The Music of Nashville, Season 1, Vol. 1

Music review by
Barbara Schultz, Common Sense Media
The Music of Nashville, Season 1, Vol. 1 Music Poster Image
TV score showcases strong women, powerful country songs.

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The parents' guide to what's in this music.

Positive Messages

As in the Nashville television show, there are lots of lies and secrets among the characters in these songs, but there are some sweet sentiments, too. The love song "When the Right One Comes Along" says true love doesn't show up like a parade or an explosion of fireworks; it's more like the simple, quiet realization that you know where you belong. The show and the music also have very strong female characters, and several tracks ("Wrong Song," "Telescope") say that women can be strong alone and put painful relationships behind them.

Positive Role Models & Representations

The character that Hayden Panettiere plays on the show is troubled and fills the holes in her life with men, but on the soundtrack, both Panettiere and co-lead actress/singer, Connie Britton, sing as women with the strength to walk away from hurtful relationships. Songs like "Telescope" and "Wrong Song" can empower teen girls in the way that Miranda Lambert's music speaks to any young woman who's been on the wrong side of a cheater.


"Buried Under" mentions a "smoking gun," but it's meant figuratively, as in evidence of a lover's betrayal.


In the Civil Wars' song "If I Didn't Know Better," covered by cast members Sam Palladio and Clare Bowen, at least one of the people in the song already has a partner but debates following the other person "up the stairs" and spending "one night with you." The Elvis Costello-written "Twist of Barbwire," sung by Jonathan Jackson, includes biting lyrics like "Remember I liked you to fall on your knees/ Liar, liar, you’re my last desire," and "Will you open your legs or your eyes."


In "Love Like Mine," Hayden Panetierre sings that she's going to "hurt like hell."

Drinking, Drugs & Smoking

It's common for people to be drunk in country songs, and this soundtrack has a few characters who fall into that stereotype. In the duet "If I Didn't Know Better," one singer asks, "Why do I keep drinking?" And the other singer asks, "Why don't you keep drinking?" The rocker "Wrong Song" has the line, "Tequila turned you into someone else." The character in "Love Like Mine" says she's going to "stay drunk on wine."

What parents need to know

Parents need to know that ABC's Nashville is a prime-time soap about relationships and careers in Music City. This iTunes-only soundtrack album contains 10 of the songs performed by cast members on the show. Co-produced by revered roots artists/producers T Bone Burnett and Buddy Miller, the songs are especially high quality and support the realism of the show. A few songs mention drinking alcohol (wine, tequila), and a couple have some mild sexual content. In "If I Didn't Know Better" someone in a committed relationship thinks about cheating. "Twist of Barbwire" has the most explicit line: "Will you open your legs or your eyes?"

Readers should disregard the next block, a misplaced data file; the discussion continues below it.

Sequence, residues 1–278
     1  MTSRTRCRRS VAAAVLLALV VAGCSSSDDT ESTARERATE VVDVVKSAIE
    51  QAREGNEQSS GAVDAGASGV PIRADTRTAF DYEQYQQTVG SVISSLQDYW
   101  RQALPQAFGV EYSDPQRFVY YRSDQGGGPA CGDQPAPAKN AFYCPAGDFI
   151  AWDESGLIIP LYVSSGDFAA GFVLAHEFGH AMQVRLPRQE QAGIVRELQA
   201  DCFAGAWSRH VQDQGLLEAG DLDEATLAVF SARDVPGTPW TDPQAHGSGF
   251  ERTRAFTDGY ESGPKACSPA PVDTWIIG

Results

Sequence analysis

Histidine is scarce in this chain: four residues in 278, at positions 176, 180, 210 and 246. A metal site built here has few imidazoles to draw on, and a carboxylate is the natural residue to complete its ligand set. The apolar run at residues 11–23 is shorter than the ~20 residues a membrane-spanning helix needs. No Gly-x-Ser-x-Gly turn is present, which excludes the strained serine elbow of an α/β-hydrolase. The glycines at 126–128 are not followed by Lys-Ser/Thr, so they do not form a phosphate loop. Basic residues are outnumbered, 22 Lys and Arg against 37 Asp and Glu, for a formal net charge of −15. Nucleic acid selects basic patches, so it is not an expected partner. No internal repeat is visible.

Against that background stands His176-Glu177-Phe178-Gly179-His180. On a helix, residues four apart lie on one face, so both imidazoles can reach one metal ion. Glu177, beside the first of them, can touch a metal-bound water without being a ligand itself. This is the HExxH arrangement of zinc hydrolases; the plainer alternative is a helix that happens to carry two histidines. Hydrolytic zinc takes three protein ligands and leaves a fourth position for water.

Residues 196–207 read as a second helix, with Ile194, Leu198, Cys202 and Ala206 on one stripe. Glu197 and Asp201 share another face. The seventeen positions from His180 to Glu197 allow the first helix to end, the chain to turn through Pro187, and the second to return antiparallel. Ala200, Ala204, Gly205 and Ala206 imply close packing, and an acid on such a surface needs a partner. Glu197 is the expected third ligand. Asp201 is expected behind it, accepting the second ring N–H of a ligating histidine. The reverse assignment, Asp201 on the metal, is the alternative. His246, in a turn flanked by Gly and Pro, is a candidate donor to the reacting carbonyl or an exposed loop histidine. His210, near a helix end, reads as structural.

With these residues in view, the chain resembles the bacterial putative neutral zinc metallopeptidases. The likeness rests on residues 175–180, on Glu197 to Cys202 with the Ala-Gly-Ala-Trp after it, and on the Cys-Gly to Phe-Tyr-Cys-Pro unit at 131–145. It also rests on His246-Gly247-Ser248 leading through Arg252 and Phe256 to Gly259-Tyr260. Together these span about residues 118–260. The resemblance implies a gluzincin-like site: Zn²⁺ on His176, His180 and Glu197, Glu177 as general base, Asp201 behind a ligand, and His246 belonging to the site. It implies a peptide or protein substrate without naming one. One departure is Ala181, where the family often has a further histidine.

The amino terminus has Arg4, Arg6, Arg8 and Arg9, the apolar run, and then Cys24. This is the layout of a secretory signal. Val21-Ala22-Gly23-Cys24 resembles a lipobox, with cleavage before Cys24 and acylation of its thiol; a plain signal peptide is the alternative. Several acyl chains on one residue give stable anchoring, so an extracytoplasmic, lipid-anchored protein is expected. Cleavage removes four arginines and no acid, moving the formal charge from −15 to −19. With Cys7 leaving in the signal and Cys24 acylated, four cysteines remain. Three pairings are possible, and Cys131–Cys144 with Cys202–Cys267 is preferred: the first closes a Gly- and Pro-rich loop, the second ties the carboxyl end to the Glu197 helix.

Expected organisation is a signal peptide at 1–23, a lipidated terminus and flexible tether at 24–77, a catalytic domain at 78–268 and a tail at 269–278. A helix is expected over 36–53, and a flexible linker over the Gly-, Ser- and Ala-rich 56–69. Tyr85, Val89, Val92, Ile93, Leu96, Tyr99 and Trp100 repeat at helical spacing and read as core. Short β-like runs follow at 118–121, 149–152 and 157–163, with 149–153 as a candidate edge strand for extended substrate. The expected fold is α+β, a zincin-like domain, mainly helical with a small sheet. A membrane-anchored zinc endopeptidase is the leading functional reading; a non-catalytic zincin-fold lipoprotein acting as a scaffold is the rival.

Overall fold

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What's the story?

NASHVILLE, ABC's prime-time soap about relationships and careers in Music City, was created by Academy Award-winning filmmaker Callie Khouri. The show is like a modern country musical where cast members perform songs, in recording studios and onstage, that help drive the plot. This iTunes-only soundtrack to the program includes 10 of the tracks performed on the series, some of which were written specifically for the show. Co-produced by top roots musician/producers T Bone Burnett and Buddy Miller, the songs are an integral part of the show's appeal.

Is it any good?

The songs on The Music of Nashville aren't just good songs for a TV show or musical; they're better than most of the new music on country radio. The series performers are superbly talented singers as well as actors, and their characters' personalities come through loud and clear in these songs. Both T Bone Burnett and Buddy Miller are masterful producers with an impeccable sense of rhythm, authenticity, emotion, and restraint, and of course it doesn't hurt that they had the help of songwriters such as the Civil Wars' John Paul White, and Elvis Costello.

Talk to your kids about ...

  • Families can talk about how the sentiments in the songs reflect the personalities of the characters on the program. What do you learn about the characters from just the music?

  • Do you think it was a good idea for the label to release these songs only on iTunes? Why or why not?

  • In "Wrong Song," Connie Britton sings, "If you're looking for one more chance/ A little stand by your man/ You’ve got the wrong song." What does this line mean?

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